Cook Andean Food & Experience a Peru Marketplace
Is it clear yet that we can’t get enough of the food in Cusco? The San Pedro Market in Cusco is a feast for the eyes and has long been one of our favorite Cusco things to do. Taking up a city block, there’s fruit, Peruvian bread (try the chuta bread), an assortment of meat, Andean vegetables, nuts, juices, and much more in this traditional Peruvian marketplace.
But the best way to enjoy the San Pedro Market is with a culinary cooking class in Cusco. This is the perfect activity on a rest day. An afternoon or evening cooking class with Cusco Culinary always starts by meeting at the San Pedro Market for an interpreted guided tour before going back to their studio to try your hand at a number of Andean Peruvian dishes.
The reason we love Cusco Culinary is the use of Andean ingredients (not to mention being headed by a Cordon Bleu trained chef). Make a quinoa tamale, taste a potato and moraya baked cake, and use local fruits for a smorgasbord of desserts. The whole experience lasts about four hours.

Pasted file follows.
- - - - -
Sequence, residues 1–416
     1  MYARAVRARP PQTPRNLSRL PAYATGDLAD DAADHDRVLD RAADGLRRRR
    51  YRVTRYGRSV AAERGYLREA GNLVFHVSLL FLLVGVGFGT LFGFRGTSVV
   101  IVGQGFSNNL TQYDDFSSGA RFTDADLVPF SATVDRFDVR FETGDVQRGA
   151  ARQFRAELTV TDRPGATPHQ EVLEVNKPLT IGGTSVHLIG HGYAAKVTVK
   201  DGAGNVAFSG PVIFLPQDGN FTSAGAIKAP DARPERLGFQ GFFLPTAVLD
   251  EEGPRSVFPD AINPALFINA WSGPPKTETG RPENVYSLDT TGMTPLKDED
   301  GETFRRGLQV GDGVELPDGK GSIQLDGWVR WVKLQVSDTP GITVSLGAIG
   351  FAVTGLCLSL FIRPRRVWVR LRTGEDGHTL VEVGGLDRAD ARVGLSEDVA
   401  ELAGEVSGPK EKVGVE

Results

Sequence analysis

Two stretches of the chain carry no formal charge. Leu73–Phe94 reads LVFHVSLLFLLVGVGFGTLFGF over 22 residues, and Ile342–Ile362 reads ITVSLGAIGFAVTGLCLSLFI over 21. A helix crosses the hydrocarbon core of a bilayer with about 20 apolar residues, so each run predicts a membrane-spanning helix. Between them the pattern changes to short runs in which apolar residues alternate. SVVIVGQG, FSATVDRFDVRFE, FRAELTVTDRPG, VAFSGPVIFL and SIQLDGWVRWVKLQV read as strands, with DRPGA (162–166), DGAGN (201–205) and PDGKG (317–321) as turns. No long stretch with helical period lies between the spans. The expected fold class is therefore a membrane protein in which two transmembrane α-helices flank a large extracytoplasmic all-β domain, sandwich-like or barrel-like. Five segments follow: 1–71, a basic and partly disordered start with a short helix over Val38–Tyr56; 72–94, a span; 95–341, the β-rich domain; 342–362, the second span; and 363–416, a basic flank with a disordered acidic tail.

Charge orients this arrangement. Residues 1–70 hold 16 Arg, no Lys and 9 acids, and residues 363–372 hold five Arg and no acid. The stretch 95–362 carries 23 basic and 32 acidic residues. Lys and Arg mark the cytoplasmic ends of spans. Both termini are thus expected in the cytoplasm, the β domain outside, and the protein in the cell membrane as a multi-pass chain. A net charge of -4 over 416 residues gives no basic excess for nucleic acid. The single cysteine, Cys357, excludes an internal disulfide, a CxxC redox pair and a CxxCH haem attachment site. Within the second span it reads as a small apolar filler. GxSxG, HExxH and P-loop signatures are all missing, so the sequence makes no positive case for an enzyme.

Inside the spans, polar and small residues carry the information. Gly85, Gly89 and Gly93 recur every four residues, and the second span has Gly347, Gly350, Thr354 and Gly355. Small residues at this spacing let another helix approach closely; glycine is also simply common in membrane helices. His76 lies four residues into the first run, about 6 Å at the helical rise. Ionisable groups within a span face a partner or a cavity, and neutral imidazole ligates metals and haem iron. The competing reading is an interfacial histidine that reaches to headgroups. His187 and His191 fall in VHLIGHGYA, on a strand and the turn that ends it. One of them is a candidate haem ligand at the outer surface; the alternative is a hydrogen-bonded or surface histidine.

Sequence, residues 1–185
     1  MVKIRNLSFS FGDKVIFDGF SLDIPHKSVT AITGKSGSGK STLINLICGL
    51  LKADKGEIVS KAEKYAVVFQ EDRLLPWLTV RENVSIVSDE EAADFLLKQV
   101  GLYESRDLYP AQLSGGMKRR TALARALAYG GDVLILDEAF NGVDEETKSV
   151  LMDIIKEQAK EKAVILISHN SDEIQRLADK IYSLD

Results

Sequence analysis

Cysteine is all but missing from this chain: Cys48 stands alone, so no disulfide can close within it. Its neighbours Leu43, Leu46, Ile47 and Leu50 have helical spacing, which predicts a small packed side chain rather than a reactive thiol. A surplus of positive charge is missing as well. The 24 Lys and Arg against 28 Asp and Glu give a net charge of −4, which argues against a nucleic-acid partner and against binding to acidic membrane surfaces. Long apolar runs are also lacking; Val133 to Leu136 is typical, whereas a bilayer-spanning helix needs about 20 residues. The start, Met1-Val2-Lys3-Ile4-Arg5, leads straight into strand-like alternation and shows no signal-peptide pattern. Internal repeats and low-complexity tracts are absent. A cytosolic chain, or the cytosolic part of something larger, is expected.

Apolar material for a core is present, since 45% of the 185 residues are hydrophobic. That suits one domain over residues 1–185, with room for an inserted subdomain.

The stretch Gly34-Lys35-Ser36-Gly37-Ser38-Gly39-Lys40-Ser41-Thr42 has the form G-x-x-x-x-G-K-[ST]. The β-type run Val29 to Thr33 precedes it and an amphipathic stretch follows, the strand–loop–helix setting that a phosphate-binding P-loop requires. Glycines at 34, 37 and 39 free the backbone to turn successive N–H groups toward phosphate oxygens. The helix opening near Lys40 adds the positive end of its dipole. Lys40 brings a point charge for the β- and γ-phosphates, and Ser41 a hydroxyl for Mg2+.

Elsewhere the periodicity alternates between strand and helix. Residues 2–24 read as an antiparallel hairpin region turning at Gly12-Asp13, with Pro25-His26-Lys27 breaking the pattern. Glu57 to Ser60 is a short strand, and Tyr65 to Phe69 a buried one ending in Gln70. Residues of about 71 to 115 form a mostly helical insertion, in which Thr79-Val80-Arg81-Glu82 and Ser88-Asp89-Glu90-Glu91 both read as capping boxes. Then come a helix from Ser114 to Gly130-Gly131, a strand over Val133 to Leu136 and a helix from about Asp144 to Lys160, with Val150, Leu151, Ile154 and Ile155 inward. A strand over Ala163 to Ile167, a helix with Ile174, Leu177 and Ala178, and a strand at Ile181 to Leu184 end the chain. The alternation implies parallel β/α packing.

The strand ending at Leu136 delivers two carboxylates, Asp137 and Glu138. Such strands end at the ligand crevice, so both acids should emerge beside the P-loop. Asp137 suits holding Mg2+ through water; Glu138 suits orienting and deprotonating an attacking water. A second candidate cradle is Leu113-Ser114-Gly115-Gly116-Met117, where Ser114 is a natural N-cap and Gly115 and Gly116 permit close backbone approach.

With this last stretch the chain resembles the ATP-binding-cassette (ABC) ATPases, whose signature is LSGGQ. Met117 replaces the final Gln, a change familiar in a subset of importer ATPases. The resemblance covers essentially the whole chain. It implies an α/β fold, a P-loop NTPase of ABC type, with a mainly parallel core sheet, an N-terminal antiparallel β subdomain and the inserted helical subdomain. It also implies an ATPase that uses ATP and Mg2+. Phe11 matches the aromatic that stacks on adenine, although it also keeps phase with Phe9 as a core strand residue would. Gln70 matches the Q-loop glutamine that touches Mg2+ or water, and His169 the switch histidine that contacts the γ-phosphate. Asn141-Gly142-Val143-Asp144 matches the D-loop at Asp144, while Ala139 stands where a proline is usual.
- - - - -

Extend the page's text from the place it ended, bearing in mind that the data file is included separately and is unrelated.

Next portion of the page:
See the Fusing of Inca and Spanish at Koricancha
Built as a temple to Inti, the Sun god, by the Incas, the Koricancha Temple was gutted when the Spanish arrived and pillaged Cusco. Also traditionally spelled Qoricancha, Quechua for “Golden Courtyard,” this most important Inca temple had its walls literally lined with gold until Spanish conquest. The opulence stunned the Spanish so much that they described it as “fabulous beyond belief.”
After being mostly razed, the Spanish built the Church and Convent of Santo Domingo on the site in the 17th Century. However, some of the outer Inca walls were left and have since been preserved to create a multi-dimensional blend of Inca and Spanish architecture. The Koricancha can be found just a few blocks from the Cusco Plaza de Armas and so has long been a favorite Cusco attraction.
If you have visited, what have been some of your favorite things to do in Cusco, Peru? Our Lima, Peru Travel Agency would love to hear your feedback!